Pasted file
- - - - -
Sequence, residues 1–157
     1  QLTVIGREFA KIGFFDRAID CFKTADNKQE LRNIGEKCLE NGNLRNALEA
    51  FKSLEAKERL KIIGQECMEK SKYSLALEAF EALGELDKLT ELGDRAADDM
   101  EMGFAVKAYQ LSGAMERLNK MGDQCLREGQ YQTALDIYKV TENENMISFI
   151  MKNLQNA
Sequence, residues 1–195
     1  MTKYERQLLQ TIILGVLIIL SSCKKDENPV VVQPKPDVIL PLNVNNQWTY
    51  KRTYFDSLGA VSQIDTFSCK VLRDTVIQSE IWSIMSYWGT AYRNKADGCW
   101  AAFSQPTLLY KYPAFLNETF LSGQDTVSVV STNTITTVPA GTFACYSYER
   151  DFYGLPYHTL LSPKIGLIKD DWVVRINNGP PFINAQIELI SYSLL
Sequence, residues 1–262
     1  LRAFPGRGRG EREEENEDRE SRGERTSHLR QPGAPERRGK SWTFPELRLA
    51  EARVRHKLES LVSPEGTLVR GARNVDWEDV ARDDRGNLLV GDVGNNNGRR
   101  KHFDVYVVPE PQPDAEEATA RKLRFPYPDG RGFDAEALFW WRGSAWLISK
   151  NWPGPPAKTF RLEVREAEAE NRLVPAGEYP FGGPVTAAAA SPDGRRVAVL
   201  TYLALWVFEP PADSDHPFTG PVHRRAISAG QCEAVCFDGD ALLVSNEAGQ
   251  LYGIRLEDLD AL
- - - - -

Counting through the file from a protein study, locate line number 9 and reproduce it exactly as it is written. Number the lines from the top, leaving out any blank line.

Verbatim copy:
   101  AAFSQPTLLY KYPAFLNETF LSGQDTVSVV STNTITTVPA GTFACYSYER